Forgot your password?
typodupeerror
Microsoft Privacy

Microsoft Giving Away Vista Ultimate, With a Catch 495

Posted by kdawson
from the no-free-lunch dept.
Opinari writes "In case you haven't heard, Microsoft is giving away copies of Windows Vista Ultimate (32-bit or 64-bit DVD), Microsoft Office Ultimate 2007, Microsoft Money Plus Premium, Microsoft Student with Encarta Premium 2008, or Microsoft Streets and Trips 2008 — you can choose any one. The caveat is that you have to let them monitor your use of the program."
This discussion has been archived. No new comments can be posted.

Microsoft Giving Away Vista Ultimate, With a Catch

Comments Filter:
  • by Anonymous Coward on Wednesday December 12, 2007 @12:57AM (#21667423)
    I'm a microsoft/windows fanboy and I completely disagree with your viewpoint about windows sucking, but i'll freely admit that I laughed after reading your comment. Congrats.
  • Re:Not accurate. (Score:3, Interesting)

    by lionchild (581331) on Wednesday December 12, 2007 @01:03AM (#21667485) Journal
    And what if you're not using XP or Vista currently? Are you just left out, or do they have a linux tool to monitor you?

    I've got a machine still loaded with OS/2. And a nice little G4 with OS X 10.4.11.
  • Upon further digging (Score:3, Interesting)

    by HadesInjustice (872477) on Wednesday December 12, 2007 @01:08AM (#21667535)
    Does the software impact the performance of my computer? "We have gone to great lengths to design the Windows Feedback Program software to limit the amount of computer resources it uses to collect data. You may see a minor change in performance when you first log in to Windows; however, this typically only occurs during the first few minutes after login while we are collecting basic configuration information." In my opinion, that translate to... "The print out of the code is so lengthy the printer ran out of ink, twice. The software will not severely hamper the performance of the computer (as compare to Vista that already used up ~500mb of RAM on idle, there isn't all that much performance left to hamper anyway). After you first log in, we are going to collect some basic information and make sure you have an authentic Windows OS. We might decide to sue you or disable your OS if we found it to be pirated."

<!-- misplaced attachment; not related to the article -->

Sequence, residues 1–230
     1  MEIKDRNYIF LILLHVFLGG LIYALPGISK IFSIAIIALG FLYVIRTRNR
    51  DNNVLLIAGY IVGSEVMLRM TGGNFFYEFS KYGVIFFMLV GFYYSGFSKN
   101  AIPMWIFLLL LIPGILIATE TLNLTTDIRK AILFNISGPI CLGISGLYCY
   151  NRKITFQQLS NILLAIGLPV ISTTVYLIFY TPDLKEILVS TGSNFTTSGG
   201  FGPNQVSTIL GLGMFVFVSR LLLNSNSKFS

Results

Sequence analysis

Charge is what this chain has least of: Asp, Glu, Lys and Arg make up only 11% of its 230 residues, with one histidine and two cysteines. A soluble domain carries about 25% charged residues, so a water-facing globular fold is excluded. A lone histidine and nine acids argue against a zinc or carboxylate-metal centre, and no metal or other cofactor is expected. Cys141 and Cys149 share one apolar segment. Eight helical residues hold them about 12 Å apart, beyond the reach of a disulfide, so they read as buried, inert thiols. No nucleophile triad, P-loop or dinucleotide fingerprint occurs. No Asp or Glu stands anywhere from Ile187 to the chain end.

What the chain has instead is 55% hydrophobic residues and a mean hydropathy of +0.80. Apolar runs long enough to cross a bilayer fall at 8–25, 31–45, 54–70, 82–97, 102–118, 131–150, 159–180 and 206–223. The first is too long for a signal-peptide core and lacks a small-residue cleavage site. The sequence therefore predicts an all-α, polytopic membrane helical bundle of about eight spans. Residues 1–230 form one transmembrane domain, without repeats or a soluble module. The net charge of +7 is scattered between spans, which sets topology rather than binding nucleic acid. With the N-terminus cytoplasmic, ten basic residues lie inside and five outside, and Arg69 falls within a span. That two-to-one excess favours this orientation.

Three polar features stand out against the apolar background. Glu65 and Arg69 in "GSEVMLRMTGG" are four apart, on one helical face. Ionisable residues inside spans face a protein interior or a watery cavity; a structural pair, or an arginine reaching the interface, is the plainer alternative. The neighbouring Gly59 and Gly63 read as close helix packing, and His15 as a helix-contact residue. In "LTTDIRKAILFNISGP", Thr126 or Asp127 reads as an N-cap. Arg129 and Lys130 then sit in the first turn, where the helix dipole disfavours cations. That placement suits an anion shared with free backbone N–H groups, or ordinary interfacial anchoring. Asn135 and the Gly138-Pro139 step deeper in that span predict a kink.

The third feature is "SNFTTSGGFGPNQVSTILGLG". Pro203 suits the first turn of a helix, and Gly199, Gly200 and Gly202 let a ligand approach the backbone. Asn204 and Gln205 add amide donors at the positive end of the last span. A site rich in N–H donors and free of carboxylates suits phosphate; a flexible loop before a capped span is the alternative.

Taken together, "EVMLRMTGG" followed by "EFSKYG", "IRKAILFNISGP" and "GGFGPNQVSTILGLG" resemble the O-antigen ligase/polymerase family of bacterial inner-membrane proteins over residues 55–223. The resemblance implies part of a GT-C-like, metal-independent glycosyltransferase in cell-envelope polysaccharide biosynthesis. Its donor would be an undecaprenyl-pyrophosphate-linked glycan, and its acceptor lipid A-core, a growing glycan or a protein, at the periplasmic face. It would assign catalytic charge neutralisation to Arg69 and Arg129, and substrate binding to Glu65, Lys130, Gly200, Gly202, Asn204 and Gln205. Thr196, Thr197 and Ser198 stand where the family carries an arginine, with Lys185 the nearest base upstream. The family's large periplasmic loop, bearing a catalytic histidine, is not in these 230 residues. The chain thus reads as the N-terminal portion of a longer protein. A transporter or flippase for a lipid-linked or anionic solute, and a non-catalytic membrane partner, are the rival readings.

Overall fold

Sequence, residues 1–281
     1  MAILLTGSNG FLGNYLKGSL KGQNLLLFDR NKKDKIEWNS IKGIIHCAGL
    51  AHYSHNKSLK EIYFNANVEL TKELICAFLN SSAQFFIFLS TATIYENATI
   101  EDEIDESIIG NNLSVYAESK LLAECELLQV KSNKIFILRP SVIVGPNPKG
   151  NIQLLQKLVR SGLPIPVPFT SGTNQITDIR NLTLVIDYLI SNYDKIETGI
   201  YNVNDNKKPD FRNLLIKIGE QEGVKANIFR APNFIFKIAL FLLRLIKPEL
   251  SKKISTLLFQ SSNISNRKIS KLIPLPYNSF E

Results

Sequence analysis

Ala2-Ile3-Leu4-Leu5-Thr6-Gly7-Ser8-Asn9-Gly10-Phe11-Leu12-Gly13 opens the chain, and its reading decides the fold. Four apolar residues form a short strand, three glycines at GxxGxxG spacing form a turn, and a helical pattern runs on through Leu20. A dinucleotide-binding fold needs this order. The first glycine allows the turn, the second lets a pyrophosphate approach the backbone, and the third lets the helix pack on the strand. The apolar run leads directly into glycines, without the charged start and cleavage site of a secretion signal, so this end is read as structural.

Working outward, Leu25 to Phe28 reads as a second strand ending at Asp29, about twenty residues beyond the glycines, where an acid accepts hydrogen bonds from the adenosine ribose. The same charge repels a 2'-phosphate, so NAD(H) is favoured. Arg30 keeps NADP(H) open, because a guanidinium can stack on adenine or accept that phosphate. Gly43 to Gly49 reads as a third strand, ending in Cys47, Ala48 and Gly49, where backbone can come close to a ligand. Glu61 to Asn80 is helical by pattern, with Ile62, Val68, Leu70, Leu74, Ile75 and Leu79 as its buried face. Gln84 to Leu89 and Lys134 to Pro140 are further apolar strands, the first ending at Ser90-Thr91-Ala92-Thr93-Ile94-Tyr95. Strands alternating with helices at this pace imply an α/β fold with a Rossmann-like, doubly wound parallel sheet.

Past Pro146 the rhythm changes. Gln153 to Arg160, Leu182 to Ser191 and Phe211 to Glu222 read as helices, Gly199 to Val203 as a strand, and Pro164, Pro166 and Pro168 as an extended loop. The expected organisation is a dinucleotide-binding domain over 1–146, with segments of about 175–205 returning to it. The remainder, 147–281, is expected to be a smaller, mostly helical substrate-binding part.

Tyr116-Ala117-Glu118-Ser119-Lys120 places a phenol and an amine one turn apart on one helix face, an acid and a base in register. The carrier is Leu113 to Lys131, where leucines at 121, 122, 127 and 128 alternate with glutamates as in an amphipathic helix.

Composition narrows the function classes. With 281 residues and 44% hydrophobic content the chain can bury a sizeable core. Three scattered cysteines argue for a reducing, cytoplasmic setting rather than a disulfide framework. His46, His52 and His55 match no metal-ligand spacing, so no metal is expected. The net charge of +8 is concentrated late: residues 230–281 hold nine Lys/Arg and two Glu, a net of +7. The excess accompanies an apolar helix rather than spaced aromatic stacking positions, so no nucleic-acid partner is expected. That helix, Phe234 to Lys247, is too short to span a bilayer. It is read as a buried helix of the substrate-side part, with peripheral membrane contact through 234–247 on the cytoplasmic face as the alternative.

• by HadesInjustice (872477) on Wednesday December 12, 2007 @01:25AM (#21667651)
    I am sorry if I am a chemical engineer and not a EE or CS major. But if what you said is true, then the RAM usage on a perfectly new computer with Vista shouldn't used up around 500mb of RAM either, but they are. Also, if it already cache the information, then how come every time I open Firefox or Winamp, I see a clear jump in my RAM memory? What I mean is...why is it that Vista sit at idle at around ~500mb, and the moment I open firefox (which I have been using on a daily basis for months), it jump to around 650-700mb? If it is already cached, shouldn't it stay relatively constant?
  • Make it productive. (Score:5, Interesting)

    by rantingkitten (938138) <<kitten> <at> <mirrorshades.org>> on Wednesday December 12, 2007 @01:49AM (#21667827) Homepage
    Why not install this on a couple VMs (or actual machines sitting around) and then install all kinds of free software on it? Let them chew on the fact that so many people, straight away after installing, go get Firefox and Open Office and GIMP and VLC and Thunderbird and Pidgin.. and never bother using IE or Office or whatever else. Make sure they also see all the useless services you disable and how quickly you can shut off UAC.

  • by FliesLikeABrick (943848) <ryan@u13.net> on Wednesday December 12, 2007 @01:50AM (#21667835)